Entangled Humpback Whale

Penny Graham sent me some pictures yesterday she took of an entangled humpback whale in the St.Mary's Bay. It was set free from the crew of the Becky and Boys notice article above.Good job everyone!

Monday, November 24, 2008

Dumping Day, district 34 lobster season

Well the season has arrived the first of lobster season that is! Dumping day as we call it turned out to be pretty nice. Beautiful sunrise. Lots of birds around especially Northern Gannets. The humpbacks were still spotted in St.Mary's Bay today by a local fisherman. I also sighted a fin whale near pond cove.

Sunday, November 23, 2008

Dumping Day!

Today fisherman were loading traps onto their boats getting ready for the first of lobster season which starts in our area Monday 24th. Hope everyone has a safe dumping day!

Saturday, November 22, 2008

Hundreds of Gannets

November 22, 2008 i sighted about 200 Northern Gannets in the Westport Harbor. They were diving continously one right after the other! The water was slashing everywhere! This picture is quite far away but i put it in anyway because it was such a spectacular sight!

Wednesday, November 19, 2008

Wild weather and 4 humpback whales

Today was wild weather and in amongst all the fury of the sea 4 humpback whales appeared in St. Mary's Bay near Dartmouth point. Judging from the dorsal fins it was PD and calf. Carl thought one of the others was Flame but we couldn't figure out the 4th. I also sighted 5 male Pheasants in my back yard.

Sunday, November 16, 2008

Masked Booby

David Tudor reported a strange looking bird near the road by Balancing rock in Tiverton. He reported this bird to Carl Haycock and both went over to look for the bird in question to no avail. The next day they met up with a hunter who said they would look out for anything that fit the discription they gave him and to their surprise they got a call that it was indeed in the woods not to far from Balancing Rock. Carl and David rushed to Tiverton and found the bird and after much debate on NatureNS found out it was a Masked Booby. These birds are normally found in warm waters around Dry Tortugas, Florida so it was really off course. Carl immediately got a hold of the beak and put his oil jacket over the bird. They then took it to the nearest cove and put it back into the water. Alas they did not have time to take pictures, but it was a great find and a good job to them both for putting in time and effort to find and release this amazing bird.

Wednesday, November 12, 2008

Whale spouts, shorebirds and raptors....

What a lovely day although still a bit on the cool side. To nice to stay inside so i took a hike with a friend to goosberry cove and followed the shoreline until we reached Northern Light. Of course i am always scanning for whale spouts on the horizon and low and behold near seal cove we sighted two spouts in the rip. Must of been some feed in this area because the whales appeared to not be diving deep or fluking up. By the looks of the spouts i would say it was a mother and calf humpback pair. Also lots of Adult Northern Gannets flying by as we watched these two whales. I then took a hike to pond cove and headed towards the beach. The tide was low but on its way in and although the wind was a bit chilly it was a nice clear day. The first thing i heard when i stepped on the beach was the seals moaning on the rock bar. It sounded like a group of ghosts! As i walked across the sand i came across some shorebirds feeding. I sighted 10 Sanderlings, 1 Dunlin, and 2 Semi-palmated sandpipers. As i wondered up to the outlet and into big pond 20 American Pipits ,24 Crows flew in the air along with 2 Imm. Bald Eagles. The eagles landed on the top of a tree and had a stare down. After 5 minutes one of them flew up into the air and glided towards the back of the pond and coming towards me was 24 Black Ducks and 9 Turkey Vultures. 3 Pheaseants flew up into the air as i was walking towards the dune area and startled me. As i drove back to my house a flock of 60 Robins flew over my house along with many Common Grackles. Dark-eyed Juncos were everywhere along the roadsides.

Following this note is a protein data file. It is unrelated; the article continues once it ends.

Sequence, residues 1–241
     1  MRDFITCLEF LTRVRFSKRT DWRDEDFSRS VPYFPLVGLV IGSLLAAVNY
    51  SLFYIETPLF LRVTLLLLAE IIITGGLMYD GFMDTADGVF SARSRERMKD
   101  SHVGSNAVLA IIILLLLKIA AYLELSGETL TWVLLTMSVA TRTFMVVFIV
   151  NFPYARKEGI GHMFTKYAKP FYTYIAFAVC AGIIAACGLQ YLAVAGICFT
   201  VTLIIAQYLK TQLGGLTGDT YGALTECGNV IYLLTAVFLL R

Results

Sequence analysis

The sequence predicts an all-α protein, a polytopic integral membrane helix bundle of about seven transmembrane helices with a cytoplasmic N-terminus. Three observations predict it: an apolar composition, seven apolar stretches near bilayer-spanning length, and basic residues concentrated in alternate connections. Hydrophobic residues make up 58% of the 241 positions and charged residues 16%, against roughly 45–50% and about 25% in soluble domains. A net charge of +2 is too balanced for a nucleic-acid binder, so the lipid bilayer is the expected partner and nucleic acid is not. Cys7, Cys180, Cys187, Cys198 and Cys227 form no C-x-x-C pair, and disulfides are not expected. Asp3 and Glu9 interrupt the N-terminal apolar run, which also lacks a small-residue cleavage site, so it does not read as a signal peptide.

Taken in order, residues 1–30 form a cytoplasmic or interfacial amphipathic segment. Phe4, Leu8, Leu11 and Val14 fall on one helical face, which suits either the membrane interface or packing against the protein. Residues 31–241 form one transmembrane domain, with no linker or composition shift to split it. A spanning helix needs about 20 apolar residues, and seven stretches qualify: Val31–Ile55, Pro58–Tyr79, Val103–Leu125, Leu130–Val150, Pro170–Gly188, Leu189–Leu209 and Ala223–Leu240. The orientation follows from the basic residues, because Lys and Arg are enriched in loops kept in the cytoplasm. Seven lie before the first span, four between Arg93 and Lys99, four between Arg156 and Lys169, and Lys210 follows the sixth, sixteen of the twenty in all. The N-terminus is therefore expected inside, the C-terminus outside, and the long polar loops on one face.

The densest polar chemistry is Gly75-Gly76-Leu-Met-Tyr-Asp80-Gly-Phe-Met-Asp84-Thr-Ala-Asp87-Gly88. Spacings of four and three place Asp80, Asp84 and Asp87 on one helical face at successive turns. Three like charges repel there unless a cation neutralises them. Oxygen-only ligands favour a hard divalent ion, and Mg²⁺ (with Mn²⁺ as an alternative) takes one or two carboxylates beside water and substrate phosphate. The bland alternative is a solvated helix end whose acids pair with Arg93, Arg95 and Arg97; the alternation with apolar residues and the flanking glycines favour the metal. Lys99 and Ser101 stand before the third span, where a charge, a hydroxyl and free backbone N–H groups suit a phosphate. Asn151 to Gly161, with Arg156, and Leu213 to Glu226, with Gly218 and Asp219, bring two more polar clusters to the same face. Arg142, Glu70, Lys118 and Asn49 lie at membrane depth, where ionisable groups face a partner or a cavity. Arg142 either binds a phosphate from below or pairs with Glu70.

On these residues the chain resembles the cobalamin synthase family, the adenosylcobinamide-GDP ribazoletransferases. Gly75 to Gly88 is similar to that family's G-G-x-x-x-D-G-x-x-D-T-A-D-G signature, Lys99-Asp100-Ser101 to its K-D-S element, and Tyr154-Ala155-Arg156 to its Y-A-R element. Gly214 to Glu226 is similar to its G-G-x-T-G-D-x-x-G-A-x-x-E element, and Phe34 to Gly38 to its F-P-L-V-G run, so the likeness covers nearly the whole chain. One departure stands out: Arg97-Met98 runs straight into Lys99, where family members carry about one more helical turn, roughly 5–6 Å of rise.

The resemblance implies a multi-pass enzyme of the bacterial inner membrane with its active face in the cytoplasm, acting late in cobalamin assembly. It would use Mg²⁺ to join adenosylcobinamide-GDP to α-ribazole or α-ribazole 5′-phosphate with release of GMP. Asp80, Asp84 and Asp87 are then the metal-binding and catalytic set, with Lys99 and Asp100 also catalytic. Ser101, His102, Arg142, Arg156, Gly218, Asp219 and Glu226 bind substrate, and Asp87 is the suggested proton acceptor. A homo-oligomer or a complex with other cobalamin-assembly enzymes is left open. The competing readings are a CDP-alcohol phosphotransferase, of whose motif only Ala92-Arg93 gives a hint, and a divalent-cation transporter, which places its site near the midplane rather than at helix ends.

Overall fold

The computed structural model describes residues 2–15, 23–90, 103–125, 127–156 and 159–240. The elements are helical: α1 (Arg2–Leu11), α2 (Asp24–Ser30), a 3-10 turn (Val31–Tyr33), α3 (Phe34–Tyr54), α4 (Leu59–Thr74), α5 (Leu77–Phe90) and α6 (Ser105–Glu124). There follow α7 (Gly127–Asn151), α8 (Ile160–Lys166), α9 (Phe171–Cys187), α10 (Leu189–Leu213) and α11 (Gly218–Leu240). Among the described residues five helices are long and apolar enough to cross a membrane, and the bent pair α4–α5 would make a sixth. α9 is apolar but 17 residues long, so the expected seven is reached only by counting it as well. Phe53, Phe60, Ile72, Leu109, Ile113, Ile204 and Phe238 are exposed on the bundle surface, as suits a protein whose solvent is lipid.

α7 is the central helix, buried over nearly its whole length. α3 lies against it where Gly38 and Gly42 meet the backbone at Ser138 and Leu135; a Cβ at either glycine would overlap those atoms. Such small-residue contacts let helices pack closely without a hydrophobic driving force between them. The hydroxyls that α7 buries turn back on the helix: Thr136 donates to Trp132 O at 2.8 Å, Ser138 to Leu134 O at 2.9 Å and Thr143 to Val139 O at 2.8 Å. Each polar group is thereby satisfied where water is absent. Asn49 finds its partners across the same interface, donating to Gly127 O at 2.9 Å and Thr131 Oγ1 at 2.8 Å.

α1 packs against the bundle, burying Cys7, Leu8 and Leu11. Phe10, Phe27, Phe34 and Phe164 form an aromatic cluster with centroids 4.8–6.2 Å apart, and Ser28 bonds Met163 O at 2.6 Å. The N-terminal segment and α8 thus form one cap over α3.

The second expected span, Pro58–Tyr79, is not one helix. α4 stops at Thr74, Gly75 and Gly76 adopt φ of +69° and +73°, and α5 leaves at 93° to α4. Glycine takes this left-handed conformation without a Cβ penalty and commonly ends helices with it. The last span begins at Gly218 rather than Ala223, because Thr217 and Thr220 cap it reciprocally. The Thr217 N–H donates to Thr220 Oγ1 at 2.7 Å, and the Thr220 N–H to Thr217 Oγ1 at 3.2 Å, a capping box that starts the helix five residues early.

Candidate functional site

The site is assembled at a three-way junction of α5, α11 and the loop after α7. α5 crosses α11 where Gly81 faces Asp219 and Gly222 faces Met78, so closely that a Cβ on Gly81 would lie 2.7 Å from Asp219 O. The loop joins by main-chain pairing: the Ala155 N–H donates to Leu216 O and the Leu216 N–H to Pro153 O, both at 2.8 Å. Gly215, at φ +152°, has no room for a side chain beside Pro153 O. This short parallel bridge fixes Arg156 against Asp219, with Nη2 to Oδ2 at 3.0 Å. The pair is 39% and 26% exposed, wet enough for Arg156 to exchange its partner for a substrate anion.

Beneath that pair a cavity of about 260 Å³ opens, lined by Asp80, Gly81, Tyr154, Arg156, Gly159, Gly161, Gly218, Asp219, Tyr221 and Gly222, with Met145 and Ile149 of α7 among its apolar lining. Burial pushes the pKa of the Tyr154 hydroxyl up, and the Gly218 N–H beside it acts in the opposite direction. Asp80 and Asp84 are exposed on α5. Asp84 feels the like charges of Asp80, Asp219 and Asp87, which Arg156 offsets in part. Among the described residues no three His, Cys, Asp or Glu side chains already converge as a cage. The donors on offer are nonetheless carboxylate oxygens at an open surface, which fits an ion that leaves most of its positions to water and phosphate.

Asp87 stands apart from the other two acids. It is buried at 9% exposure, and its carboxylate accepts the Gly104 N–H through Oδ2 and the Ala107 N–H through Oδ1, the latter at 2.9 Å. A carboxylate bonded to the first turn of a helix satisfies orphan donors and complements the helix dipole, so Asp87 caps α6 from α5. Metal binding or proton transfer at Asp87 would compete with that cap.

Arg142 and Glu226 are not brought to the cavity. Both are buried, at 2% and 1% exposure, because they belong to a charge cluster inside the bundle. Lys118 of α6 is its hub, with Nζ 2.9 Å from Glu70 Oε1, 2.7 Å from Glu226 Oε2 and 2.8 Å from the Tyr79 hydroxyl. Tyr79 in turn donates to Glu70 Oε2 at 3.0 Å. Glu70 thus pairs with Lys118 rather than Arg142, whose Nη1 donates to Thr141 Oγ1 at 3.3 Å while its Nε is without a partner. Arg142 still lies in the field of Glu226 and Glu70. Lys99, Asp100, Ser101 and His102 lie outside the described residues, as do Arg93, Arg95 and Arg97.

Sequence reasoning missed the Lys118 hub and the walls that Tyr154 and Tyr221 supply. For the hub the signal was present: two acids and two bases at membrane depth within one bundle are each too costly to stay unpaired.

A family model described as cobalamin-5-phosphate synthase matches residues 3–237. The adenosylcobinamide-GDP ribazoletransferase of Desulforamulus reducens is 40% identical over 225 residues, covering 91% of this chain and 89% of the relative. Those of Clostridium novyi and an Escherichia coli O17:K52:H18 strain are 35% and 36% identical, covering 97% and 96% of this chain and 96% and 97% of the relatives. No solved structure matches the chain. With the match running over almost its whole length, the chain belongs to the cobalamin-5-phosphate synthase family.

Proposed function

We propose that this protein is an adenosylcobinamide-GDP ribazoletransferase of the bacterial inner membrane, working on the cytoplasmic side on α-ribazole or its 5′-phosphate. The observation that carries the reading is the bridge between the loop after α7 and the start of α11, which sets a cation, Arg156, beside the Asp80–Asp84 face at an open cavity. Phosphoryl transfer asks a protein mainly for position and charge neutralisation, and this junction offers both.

Monday, November 10, 2008

Shorebirds at pond cove

Hello Everyone!
Today turned out to be a mild and beautiful day. Got out for a hike around pea jack and pond cove. At pea jack i sighted a bald eagle and 1 turkey vulture. In pond cove i sighted 3 turkey vultures, 1 northern harrier, 20 american pipits, 30 snowbuntings, 5 semi-palmated sandpipers, 1 sanderling, 3 dunlins, 6 black-bellied plovers.